The Last Day of Captain Lincoln, by EXO Books

the-last-day-of-captain-lincoln-by-exo-books coverGenre: Science Fiction
Publisher: Exo Books
Published: 2015
Reviewer Rating: two and a half stars
Book Review by David L. Felts

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First let me say that this book came very close to being put away unread. That’s because the opening is written in a way that ignores tense, in that the author switches back and forth between present and past. This made me think the author had no idea what tense was. Which made me think the author had no idea about the mechanics of writing. It didn’t bode well.

Instead of following my first instinct to put the book aside, I pressed on. Once past the opening section, the tense settled and the story became readable. Still, that first section…. sure doesn’t give a good first impression.

On to the story….

Captain Lincoln wakes up the morning of his 80th birthday and the last day of his life. He’s the captain of a spaceship in which exists a very organized and regimented society. Every 5 years, 8 children are born. And every 5 years the 8 children born 80 years earlier are euthanized to make room for the new arrivals. This is the story of Captain Lincoln’s last day.

While there’s some interesting philosophy here, this isn’t a story in the traditional sense. You know, plot, tension, conflict, action, consequence, bad guys, good guys, motivation, etc. It’s simply the meandering tale of an 80 year old passing through his last day, saying his good-byes and trying to impart the wisdom he feels he’s accumulated. This leads to — sorry to say — some pretty boring stuff, one example being half a chapter spent describing peppers.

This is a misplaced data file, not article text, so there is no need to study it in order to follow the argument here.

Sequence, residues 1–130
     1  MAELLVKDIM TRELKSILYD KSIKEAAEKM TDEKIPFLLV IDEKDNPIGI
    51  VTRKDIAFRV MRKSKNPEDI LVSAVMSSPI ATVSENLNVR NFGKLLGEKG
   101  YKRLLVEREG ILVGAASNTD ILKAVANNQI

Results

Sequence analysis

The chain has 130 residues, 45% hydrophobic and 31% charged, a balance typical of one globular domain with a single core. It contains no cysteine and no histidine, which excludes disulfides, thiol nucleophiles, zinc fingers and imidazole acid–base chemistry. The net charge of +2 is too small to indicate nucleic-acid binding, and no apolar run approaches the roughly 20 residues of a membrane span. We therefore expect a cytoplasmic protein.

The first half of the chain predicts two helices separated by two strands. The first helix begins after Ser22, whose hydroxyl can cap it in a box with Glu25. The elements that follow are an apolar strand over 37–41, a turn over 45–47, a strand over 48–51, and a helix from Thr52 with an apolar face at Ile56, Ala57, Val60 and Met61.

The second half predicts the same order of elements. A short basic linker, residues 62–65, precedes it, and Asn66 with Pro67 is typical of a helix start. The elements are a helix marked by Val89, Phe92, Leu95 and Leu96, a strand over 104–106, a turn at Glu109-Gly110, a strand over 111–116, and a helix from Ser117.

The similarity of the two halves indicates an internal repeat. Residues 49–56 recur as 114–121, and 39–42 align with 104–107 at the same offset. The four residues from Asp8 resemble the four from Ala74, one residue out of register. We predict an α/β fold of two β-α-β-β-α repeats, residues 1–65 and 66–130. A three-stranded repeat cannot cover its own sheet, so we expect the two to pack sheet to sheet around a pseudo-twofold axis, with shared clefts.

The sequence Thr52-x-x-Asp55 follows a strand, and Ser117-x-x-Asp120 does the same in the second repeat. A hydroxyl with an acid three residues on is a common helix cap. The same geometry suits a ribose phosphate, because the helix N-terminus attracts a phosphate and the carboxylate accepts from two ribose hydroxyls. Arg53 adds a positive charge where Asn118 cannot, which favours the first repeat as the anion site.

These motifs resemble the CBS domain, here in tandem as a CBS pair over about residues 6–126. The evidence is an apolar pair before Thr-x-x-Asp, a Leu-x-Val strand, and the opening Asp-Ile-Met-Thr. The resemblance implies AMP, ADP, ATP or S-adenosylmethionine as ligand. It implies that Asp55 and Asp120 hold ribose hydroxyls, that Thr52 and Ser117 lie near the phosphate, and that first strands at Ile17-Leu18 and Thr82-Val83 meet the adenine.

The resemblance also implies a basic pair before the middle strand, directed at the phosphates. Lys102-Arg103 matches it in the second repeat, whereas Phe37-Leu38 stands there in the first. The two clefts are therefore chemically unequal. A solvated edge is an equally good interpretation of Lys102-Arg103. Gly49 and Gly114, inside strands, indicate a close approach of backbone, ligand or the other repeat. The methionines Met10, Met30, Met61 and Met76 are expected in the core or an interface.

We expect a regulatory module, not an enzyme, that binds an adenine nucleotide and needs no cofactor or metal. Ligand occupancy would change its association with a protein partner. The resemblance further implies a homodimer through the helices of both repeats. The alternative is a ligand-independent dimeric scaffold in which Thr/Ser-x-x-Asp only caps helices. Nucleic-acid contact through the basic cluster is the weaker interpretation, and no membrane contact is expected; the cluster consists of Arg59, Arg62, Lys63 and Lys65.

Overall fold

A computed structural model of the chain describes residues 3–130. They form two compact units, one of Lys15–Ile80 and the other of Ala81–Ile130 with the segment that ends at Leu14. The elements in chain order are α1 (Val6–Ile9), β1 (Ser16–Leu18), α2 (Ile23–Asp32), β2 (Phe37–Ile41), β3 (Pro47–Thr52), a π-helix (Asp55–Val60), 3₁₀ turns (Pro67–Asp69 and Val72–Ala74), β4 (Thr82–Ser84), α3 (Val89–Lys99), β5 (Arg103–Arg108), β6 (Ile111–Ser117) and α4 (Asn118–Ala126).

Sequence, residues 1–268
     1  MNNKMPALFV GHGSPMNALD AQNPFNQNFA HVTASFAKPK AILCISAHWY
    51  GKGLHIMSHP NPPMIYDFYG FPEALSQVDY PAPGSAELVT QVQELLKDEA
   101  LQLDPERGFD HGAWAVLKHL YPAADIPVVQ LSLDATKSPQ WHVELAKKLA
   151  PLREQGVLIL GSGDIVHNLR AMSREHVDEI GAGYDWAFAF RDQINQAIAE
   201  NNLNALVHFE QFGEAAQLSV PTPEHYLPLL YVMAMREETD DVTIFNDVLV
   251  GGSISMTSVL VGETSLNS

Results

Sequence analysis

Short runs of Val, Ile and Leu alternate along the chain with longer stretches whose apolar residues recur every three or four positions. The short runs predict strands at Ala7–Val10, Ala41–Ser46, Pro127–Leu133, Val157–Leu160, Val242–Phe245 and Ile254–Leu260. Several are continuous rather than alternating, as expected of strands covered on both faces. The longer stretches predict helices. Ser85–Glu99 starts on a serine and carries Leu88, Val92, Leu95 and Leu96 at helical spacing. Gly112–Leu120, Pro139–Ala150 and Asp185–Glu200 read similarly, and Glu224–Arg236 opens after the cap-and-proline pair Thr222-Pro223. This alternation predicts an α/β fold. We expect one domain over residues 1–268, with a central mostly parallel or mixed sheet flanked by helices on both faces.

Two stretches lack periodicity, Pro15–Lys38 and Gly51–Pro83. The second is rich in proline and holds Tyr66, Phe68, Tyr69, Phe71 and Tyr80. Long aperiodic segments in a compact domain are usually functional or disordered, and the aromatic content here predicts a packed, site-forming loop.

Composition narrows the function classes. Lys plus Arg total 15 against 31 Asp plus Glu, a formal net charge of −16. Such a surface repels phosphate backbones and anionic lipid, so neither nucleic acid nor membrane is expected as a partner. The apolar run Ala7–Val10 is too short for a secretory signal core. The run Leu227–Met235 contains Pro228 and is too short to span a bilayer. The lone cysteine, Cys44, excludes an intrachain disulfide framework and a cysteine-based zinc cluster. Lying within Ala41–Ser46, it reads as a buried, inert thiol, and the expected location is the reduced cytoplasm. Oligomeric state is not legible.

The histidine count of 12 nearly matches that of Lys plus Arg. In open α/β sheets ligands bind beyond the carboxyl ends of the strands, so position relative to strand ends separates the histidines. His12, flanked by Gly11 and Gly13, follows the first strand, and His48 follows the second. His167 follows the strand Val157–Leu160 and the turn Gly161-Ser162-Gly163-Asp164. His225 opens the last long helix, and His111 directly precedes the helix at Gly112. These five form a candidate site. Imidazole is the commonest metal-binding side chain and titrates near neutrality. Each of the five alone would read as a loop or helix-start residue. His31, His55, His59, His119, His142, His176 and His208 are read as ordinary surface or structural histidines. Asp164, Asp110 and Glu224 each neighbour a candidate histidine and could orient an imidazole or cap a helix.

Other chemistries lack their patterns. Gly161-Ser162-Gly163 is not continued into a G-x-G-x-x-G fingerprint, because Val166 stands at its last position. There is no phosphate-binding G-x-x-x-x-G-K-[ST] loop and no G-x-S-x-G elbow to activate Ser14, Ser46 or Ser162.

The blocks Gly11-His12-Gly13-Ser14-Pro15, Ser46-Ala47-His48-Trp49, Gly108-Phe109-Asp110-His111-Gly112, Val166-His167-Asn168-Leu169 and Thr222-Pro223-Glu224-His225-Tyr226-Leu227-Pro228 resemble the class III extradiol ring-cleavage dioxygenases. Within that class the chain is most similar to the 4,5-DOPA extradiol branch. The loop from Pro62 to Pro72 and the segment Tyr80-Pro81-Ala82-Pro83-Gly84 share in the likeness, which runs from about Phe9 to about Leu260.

So while the story is at times insightful in a philosophical sense, it’s at the same time rather dull. Perhaps it seeks to make a statement on entropy, an unchanging society where nothing really happens, everyone’s needs are met, and there’s no conflict or progression? Were the ship’s inhabitants engineered to be this way? Is it supposed to be subtle satire on the sterility of perfection?

This is especially interesting considering some advice Captain Lincoln offers: “Even thought you can’t see it, my son, things are changing. Things ALWAYS change, given enough time and pressure. The very thought of that is scary to some, but change is absolutely nothing to be afraid of. It is a simple fact of life.”

Except that life aboard the ship is the exact opposite of this. Although the potential change of finding a new home persists, on the ship, nothing changes. Ever. Sure, new humans are born and old ones euthanized to make room, but it’s an unchanging society in an unchanging environment. The people accept this without question, the last day is capped off by a celebration, and then the octogenarians are shuffled off the mortal coil. Wash, rinse, repeat.

At novellas length (I don’t think it would have been able to sustain anything much longer) it was a quick read, made even quicker by my skimming over passages akin to the pepper description mentioned above.

It’s worth mentioning the presentation. This is a beautiful book, with accompanying illustrations, quotes, and references that add to the whole.

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